Grace period for Webster City’s speed cameras has ended
WEBSTER CITY — The warning period for Webster City’s automatic speed enforcement cameras, which were turned on about a month ago, has ended.
Now, if you speed excessively in the two locations where the cameras are staged, you will be fined.
The warning period ended at 12:01 a.m. Friday.
There are two sites being monitored by the new automated speed enforcement program:
One is on Iowa Highway 17 south of Webster City between Closz Drive and Millards Lane; the second is along U.S. 20 near the Webster City water tower. In each of these locations, there are cameras on both sides of the roadway.
“Owners of a vehicle caught speeding will receive a civil notice of violation in the mail,” Webster City Police Chief Shiloh Mork said in a media release.
“These tickets are not reported to the vehicle owner’s insurance company or reported against their driver’s license. Only those vehicles traveling in excess of 11 mph over the speed limit will receive a violation notice. Violation penalties begin at $105 and increase based upon the severity of the offense.
“Every potential violation captured by the system is reviewed by a Webster City police representative before being processed and mailed. The fine schedule is below:
“11-15 over the posted speed limit $105.00 plus court costs;
“16-20 over the posted speed limit $120.00 plus court costs;
“21 or more over the posted speed limit $135.00 plus court costs and an additional $5 for each mile per hour over.”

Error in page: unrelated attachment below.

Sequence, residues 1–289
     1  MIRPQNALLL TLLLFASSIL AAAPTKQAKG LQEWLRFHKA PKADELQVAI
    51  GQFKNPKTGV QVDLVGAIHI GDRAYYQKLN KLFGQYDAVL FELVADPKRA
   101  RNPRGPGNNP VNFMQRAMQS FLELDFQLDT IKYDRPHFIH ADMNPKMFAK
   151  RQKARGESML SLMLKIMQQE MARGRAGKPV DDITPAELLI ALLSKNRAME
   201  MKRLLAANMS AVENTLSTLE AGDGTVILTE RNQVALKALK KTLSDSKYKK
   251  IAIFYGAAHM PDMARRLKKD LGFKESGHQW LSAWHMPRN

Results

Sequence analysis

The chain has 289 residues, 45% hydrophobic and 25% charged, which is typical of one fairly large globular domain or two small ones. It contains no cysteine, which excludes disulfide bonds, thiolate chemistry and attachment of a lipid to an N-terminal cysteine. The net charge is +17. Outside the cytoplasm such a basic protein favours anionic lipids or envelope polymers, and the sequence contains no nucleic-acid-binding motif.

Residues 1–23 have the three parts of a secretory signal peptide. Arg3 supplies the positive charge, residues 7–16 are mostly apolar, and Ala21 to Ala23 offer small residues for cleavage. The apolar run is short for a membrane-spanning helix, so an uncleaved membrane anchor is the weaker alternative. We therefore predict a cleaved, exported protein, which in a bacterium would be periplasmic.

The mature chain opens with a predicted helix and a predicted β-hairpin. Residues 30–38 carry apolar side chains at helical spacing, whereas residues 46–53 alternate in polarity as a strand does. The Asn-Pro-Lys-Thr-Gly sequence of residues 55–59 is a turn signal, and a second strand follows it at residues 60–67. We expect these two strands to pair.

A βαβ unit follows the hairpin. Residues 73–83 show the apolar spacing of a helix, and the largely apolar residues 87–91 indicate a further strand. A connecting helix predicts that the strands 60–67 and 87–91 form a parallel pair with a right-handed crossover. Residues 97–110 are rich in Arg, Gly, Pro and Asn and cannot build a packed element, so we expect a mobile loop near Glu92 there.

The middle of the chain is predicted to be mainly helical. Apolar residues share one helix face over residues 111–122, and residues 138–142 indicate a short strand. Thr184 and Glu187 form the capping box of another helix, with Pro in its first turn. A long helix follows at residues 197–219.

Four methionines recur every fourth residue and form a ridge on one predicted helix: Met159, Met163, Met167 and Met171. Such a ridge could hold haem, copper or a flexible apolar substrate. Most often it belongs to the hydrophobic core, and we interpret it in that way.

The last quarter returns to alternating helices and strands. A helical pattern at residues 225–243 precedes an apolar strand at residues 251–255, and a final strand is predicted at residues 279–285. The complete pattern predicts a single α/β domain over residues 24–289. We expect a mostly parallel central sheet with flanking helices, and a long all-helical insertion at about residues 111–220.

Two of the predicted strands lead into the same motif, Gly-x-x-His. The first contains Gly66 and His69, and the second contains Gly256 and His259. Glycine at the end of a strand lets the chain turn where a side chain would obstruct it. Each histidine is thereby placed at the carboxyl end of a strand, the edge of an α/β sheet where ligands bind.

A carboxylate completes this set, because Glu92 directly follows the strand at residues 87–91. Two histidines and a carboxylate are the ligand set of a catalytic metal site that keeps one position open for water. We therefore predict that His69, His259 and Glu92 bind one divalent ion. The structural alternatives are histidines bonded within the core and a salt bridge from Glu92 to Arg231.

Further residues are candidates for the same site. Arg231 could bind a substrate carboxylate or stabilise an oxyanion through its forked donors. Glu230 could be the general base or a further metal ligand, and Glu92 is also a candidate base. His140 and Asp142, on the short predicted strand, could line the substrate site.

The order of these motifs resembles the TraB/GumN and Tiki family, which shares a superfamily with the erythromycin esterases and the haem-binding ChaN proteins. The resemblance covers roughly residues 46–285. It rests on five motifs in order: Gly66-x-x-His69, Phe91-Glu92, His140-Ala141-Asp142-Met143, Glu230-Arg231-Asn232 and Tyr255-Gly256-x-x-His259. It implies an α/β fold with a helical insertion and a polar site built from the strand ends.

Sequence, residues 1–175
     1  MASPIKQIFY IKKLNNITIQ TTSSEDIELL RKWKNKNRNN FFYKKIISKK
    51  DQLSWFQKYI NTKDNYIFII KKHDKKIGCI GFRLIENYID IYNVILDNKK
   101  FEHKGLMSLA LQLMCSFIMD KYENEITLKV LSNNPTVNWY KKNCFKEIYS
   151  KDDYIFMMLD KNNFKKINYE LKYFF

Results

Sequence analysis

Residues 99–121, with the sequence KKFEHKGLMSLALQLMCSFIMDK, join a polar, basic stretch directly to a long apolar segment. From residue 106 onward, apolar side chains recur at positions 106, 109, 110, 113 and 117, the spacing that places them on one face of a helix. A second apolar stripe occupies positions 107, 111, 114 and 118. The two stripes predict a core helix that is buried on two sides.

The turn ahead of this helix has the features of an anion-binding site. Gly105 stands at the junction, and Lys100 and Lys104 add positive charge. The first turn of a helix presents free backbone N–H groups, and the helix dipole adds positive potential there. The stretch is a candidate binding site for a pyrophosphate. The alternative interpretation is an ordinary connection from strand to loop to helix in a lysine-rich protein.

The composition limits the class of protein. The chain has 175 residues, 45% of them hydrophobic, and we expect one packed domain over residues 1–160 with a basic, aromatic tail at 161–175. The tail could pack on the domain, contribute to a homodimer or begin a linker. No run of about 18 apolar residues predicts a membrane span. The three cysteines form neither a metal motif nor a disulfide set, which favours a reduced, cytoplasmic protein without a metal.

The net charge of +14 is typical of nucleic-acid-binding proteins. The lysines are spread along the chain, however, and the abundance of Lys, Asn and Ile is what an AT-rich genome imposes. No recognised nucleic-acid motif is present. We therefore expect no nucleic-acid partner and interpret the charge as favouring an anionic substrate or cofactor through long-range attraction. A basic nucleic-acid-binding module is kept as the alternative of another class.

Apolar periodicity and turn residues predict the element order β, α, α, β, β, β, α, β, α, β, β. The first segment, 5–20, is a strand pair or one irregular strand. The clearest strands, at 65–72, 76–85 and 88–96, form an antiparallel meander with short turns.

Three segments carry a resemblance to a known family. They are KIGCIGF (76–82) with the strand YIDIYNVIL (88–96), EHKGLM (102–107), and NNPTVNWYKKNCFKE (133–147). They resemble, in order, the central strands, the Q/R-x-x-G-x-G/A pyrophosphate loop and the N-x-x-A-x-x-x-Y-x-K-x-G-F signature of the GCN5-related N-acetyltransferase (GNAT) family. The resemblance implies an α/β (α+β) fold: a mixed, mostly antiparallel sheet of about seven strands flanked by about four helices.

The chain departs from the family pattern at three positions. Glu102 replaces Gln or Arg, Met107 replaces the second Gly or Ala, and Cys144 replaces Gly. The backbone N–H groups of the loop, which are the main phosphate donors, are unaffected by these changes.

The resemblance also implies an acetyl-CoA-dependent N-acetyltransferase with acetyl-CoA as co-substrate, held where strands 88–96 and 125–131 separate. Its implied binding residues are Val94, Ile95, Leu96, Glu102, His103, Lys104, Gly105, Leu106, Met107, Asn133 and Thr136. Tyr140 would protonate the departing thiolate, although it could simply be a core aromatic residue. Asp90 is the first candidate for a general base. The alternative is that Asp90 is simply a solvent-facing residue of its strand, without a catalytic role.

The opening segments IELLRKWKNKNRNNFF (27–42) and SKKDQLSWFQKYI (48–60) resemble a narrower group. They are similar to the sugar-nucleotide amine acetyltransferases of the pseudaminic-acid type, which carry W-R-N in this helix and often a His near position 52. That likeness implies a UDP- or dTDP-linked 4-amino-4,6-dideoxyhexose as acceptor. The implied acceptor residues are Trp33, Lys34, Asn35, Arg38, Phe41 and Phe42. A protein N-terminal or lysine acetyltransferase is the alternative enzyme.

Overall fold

Mork said owners wishing to appeal their violation can do so by requesting an administrative hearing with the city.
“The Webster City Police Department wants to clarify that while the automated speed enforcement cameras issue citations for violations of 11 miles per hour or over, the speed limits are posted and law enforcement officers may issue citations for any violations.
“To avoid all citations, obey the posted speed limits.”
Sensys Gatso, a Swedish firm that operates worldwide and with offices in Marion, Iowa, installed the system. The city’s agreement with Sensys Gatso was made on April 17, 2023.
There was no upfront cost to implement the system. Revenue from paid violations will be shared between Sensys Gatso and the City of Webster City.
Mork said: “According to the Insurance Institute for Highway Safety — IIHS — “more than 12,000 deaths — 29 percent of all crash fatalities — occurred in speed-related crashes in 2021. High speeds make a crash more likely because drivers have less time to react and because it requires a longer distance to stop or slow down. They also make collisions more deadly because modest increases in speed cause large increases in crash energy.”